I could get quite depressed about this...

ButtonMoon88 Fri 05-Jun-15 13:50:09

I won't be offering the 30 free hours, I don't offer 15 now and would not consider it as it would mean losing about £2p/hour.

As it stands at the moment I have enough income from the 18month&2yr olds who do about 34 hours a week with me. If I had older children and lived somewhere else, I would be worried how i would make ends meet. Without getting on my soap box too much, this scheme underlines the flaws in the Tory government, who simply cannot see past the huge wad of cash in their pockets. Labour weren't the best, but they did a lot for childcare and conservatives are slowly destroying it, that and the NHS. rant over sorry!

nannynick Fri 05-Jun-15 14:26:01

Will affect nannies as well, lots more before/after pre-school care.
More people out of work, more people doing short hours. How can this be good for our Nation?

Tanith Tue 09-Jun-15 09:33:34

I was talking to someone from my LA at the weekend. She pointed out that the 15 free hours is no longer "education"; it is the free entitlement, i.e. childcare.

Along with "play"and "quality", "education" seems to have been quietly dropped sad

sassylassie Wed 16-Nov-16 13:56:32

Reviving an old thread here, but I can't find any updates at all on the 30 hours 'free childcare' which is now supposed to be implemented in September 2017. Anyone know any more? I called our local preschool where DS1 (now in Reception) went last year, because I'm hoping DS2 will go next year, and they said the are still awaiting instruction from the local council and I should "call back in January". Personally, I don't want 30 hours of free childcare, as I work part time, and I value this precious time with my child. And of course it will reduce the number of places, so he may even not get a place. I wondered if a part time place might be an option but they can't tell me anything at all.

badgerhead Wed 16-Nov-16 17:20:33

Sassylassie as providers we are still waiting for some of the information to be passed on to us, The main one being how much we are going to be paid for offering this care. What you need to be aware of is that the 30 hours is for 38 weeks of the year or 1140 hours in total over the year, so if a child was to attend a nursery all year they would get between 21 & 24 hours per week. The first 15 hours are still the current 'free' education, the 2nd 15 hours are free for those parents where both of them work (or a single parent) for more than 16 hours per week & earn at least £115 per week, up to £100k per year, per parent!
There is a lot of concern from providers that we will not be paid at a rate that will enable us to break even, let alone cover all our costs.
The announced rate earlier this year was an average of £4.86 per hour which is before the LA's take off their % for administration, although they are not supposed to take more than 5%.
I live in West Sussex and our rate I believe is going to be around £4.60 per hour which leaves me as a childminder with a shortfall of around 40 to 60p per hour. Yes it is better than our current rate of £3.77 per hour, but with the increased hours the proposed rate is not sustainable for providers, especially when you factor in for nurseries the large increase in business rates they are incurring from April 2017 plus the compulsory pension contributions.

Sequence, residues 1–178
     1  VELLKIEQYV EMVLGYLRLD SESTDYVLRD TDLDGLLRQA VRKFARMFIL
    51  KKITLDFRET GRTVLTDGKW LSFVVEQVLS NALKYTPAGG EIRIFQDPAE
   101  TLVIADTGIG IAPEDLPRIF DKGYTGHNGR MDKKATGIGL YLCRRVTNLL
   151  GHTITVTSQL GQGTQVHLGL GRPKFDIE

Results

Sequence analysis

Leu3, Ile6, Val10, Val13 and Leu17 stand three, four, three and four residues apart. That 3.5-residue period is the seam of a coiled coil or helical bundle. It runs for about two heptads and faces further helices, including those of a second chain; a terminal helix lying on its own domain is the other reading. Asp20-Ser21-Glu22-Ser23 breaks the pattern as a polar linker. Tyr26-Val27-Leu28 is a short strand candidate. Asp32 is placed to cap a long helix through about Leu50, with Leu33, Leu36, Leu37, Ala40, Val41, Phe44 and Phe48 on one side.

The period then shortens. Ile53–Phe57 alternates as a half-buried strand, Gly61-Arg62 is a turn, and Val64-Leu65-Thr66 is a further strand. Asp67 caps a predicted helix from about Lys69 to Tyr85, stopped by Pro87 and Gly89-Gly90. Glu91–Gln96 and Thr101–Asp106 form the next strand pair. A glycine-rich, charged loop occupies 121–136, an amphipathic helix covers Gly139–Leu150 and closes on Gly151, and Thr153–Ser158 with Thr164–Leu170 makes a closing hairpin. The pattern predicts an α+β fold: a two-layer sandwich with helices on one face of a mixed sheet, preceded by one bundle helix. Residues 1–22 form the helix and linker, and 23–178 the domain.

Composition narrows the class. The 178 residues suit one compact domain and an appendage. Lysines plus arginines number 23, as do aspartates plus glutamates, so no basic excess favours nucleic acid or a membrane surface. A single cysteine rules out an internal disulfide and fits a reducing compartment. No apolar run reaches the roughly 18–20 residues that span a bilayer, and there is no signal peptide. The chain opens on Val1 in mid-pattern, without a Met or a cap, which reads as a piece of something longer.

As it is being promoted as Free Childcare we are not allowed to charge a top up fee to cover the extra costs, although we can charge for additional services. Providers would much rather it being a subsidised childcare, which would then enable us to charge a top up to make it sustainable for us.
Until the payment rates are confirmed by the government/LA's providers are unlikely to commit to providing the Free 30 Hours, either as a whole or part. Also some settings, especially pre-schools rent their premises in community halls and may not have the ability to increase their hours.

sassylassie Wed 16-Nov-16 17:33:07

Thanks badgerhead. As a parent, I think it's really unfair on childcare providers like yourself, who are already stretched financially. The funding strikes me as ridiculously low considering everything that is expected of you! Also, I think it's should be means tested in the same way as 2-year old care is. I think there is no need for 30 hours of care for everyone (appreciate this is only term time) and the current 15 hours is fine. But that is obviously for me, as I work part time and would like to spend the rest of my time with my pre-schooler while I can, before he has to go to school. My family meets the criteria, and I'm grateful for the help, but we are not completely cash strapped, as DH and I both have professional jobs (albeit mine is only 0.6 FTE). I think it's more important to offer this help to low-income families, and ensure childcare providers can make a living!

sassylassie Wed 16-Nov-16 17:34:00

Sorry didn't mean to say you personally are financially stretched! Just that the funding for childcare providers is so pitiful!

badgerhead Thu 17-Nov-16 06:31:38

Thank you Sassylassie for your support for childcare providers. There is/has been a debate on the childcare funding on the House of Commons facebook page which I have contributed to. There are a lot of parents on their who are not so understanding and think of it being their 'right' to free childcare. A lot of the time we providers are feeling that we are banging our heads against the proverbial brick wall, trying to get support and understanding from both parents and the government.

lovelynannytobe Thu 17-Nov-16 12:55:02

It's a shame but if the government does not raise the rate closer to hourly rate providers currently charge or allow to charge parents top ups a lot of providers will not be joining the scheme. It's especially hard for providers in London and around where rent and other running costs are very high.